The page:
Ever wonder why the Second Thoughts board at Indiebride is always jumping? It’s because a huge percentage of brides- and grooms-to-be deal with cold feet at least once before they tie the knot. Few people talk about it — and some won’t even admit to it — but all in all, “what the crap am I doing?!” moments are pretty common. I know that I and many of my friends asked ourselves if we were doing the right thing…and we all ended up married.
It’s important to remember that second thoughts and cold feet don’t necessarily mean that your marriage is doomed. Rather, it’s just a natural reaction to making what is ultimately a big life change. The thing about getting engaged is that it can be a whirlwind of lovey-dovey daydreams, excitement, shopping, and other nice stuff, which doesn’t leave you with much time to sit down and really mull over what getting married means. Cold feet can be the psyche’s way of forcing us to stop thinking about linen colors and start thinking about sharing a life with someone.
Overcoming Cold Feet
- Your spouse-to-be is getting on your nerves. You suddenly hate how he chews…the way he leaves his shoes by the door…how he sneezes. In fact, you’d really like to kill him right about now, but you need someone to help you carry two huge boxes of faux flowers up three flights of stairs. Planning a wedding is stressful, and it’s normal to direct all that irritation toward the nearest human being. This is a good time to sit down and meditate on all the things you love about your intended. Your feet will probably warm up again when you’re in a better mood.
- Take some time off…from wedding planning, that is. A wedding-free weekend can be a godsend when you’re knee-deep in invitation choices and fabric swatches. Spend some quality time with your spouse-to-be, with the caveat that all wedding-related topics of conversation are off limits. Better yet, get away for the weekend if you can. At the very least, get out of the house. Seeing a double feature will take your mind off of matrimony and hopefully east some of your anxiety.
- There’s a good chance your recently married friends or relatives have gone through what you’re going through, though they may be hesitant to admit it. If you can’t get a peep out of them or (worse) they’re judgmental, head over to some of the bigger bridal message boards. Anonymity inspires people to spill their guts, so you’re going to find out really fast that you’re not the only one out there who has had cold feet.
- Don’t call off the wedding just yet! Even if you want to toss your engagement ring in the toilet, resist the urge. Give yourself some time to cool off on your own, as it may be hard to clear your head with your intended lurking underfoot. Stay with your parents or a friend for the weekend, and try to chill. Your spouse-to-be will probably appreciate the break as much as you do. In fact, when you reconnect in a couple of days, you may find that all your old romantic feelings are back in force.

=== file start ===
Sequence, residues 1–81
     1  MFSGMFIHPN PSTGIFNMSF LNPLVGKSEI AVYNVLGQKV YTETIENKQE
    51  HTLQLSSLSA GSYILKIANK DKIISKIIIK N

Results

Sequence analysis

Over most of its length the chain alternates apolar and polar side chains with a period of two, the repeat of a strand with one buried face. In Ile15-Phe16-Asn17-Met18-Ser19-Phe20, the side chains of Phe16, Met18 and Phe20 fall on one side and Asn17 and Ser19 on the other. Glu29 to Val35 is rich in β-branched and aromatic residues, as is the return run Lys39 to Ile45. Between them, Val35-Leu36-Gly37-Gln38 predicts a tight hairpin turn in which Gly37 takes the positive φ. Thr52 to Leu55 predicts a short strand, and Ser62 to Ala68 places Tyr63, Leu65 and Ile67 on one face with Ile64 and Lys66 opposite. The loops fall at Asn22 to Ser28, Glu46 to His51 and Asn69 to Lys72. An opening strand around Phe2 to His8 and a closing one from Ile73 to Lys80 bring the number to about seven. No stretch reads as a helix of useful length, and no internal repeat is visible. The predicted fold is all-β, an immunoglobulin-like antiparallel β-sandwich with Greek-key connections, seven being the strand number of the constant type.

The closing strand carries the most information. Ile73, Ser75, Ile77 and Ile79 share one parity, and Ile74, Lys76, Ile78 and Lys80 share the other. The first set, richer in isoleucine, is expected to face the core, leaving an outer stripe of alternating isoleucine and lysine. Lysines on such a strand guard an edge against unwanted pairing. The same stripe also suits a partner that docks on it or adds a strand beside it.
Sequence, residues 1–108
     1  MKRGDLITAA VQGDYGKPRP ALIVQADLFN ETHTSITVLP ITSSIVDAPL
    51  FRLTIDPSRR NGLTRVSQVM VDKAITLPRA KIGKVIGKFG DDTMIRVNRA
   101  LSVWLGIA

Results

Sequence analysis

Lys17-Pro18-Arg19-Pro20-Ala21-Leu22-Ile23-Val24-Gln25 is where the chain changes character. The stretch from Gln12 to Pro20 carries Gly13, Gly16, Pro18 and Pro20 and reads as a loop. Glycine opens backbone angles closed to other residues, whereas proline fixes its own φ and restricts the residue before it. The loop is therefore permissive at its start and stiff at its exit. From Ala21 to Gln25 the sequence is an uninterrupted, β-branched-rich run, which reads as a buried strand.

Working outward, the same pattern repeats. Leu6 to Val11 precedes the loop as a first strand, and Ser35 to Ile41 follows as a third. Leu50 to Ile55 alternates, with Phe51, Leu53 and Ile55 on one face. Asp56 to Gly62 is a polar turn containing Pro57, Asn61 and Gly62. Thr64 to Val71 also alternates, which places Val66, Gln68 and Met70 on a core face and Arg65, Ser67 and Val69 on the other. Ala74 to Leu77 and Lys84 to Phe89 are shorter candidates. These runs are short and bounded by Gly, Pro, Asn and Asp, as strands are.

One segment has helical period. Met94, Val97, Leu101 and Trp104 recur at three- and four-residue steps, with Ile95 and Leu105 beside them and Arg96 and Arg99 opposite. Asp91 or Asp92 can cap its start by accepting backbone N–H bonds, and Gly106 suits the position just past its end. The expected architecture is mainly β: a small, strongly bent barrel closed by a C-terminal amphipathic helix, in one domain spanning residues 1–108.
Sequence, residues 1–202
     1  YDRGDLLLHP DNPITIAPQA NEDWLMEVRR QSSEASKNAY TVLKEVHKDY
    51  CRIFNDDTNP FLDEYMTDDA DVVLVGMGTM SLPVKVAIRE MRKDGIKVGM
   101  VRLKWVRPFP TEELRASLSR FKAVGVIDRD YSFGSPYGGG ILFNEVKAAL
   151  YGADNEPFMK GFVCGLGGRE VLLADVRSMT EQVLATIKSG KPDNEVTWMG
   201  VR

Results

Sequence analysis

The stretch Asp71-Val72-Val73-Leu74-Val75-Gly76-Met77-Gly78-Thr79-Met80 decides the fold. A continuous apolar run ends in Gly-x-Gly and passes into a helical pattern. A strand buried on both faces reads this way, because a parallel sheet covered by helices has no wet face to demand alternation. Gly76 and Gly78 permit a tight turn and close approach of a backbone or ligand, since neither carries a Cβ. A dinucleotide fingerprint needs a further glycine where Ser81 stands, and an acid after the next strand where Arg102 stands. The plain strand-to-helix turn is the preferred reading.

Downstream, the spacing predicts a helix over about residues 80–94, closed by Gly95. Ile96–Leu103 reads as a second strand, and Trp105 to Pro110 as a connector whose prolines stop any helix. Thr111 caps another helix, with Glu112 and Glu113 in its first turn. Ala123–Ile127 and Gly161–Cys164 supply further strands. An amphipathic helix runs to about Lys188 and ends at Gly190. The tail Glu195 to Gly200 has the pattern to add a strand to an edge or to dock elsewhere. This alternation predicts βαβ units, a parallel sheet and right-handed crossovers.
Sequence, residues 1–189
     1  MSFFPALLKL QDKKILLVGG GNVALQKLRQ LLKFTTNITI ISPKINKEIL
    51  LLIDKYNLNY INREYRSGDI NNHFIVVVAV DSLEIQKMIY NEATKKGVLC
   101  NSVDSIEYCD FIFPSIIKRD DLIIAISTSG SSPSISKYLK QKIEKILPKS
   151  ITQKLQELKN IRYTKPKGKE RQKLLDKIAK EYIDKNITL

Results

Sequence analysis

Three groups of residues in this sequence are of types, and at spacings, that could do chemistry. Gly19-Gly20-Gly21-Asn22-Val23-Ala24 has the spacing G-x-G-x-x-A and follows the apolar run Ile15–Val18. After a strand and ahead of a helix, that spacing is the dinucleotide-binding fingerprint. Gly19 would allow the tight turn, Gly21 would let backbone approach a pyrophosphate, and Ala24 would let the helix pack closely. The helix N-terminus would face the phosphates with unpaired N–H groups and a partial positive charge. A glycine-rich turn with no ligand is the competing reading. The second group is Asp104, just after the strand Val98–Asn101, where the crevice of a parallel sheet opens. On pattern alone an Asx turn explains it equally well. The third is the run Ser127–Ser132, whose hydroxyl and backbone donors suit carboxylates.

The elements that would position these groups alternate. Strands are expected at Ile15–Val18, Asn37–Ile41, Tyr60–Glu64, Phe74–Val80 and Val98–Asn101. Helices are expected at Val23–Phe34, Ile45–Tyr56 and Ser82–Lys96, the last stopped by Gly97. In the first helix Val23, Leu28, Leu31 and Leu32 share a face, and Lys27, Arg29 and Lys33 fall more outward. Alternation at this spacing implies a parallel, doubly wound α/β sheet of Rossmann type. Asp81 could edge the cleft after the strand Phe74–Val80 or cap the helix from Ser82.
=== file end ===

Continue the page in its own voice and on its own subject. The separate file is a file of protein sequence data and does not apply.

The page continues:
Jitters or a Warning?
All the tips aside, sometimes second thoughts are a warning sign. When your cold feet are inspired by more than just the occasional “what the crap am I doing?!” moment, it’s time to ask yourself some tough questions. Are your jitters so strong they’re making you ill? Have your loved ones expressed strong objections to your marrying your intended? Does s/he have baaaad habits you believe will change after you’re married or have children? Do you love everything about him/her except his/her drug problem, gambling habit, or flirtatious tendencies?
It’s easy to sit down and say “These are my dealbreakers,” but it’s not always so simple to stick to your guns when the caterer is booked and your dress has already arrived at the salon. If you even suspect that your second thoughts are indicative of a larger flaw in your relationship, talk about your concerns with someone you really trust. It may turn out that your cold feet are just chillier than normal, or it may turn out that you have to look your fears in the eye and admit that your future spouse is actually a louse.
Sharing With Your Spouse-to-be
I’m usually all about the open dialogs, even when what you have to say may be hurtful, but in this particular case I have to advise caution. When weddings are involved, emotions can run high and hot, meaning it’s easy to take a perfectly innocent admission of uncertainty and twist it into something more sinister. If you think your intended can handle hearing you say that you’ve been wondering if the two of you are making the right decision, by all means, let loose. S/he may be feeling many of the same things! But if the love of your life is a sensitive guy/gal, it might be best to discuss your thoughts with your mom, your brother, your best friend, or a therapist.
Now we want to know: Did you have second thoughts? Did they go away on their own, or did you have to work to abolish them?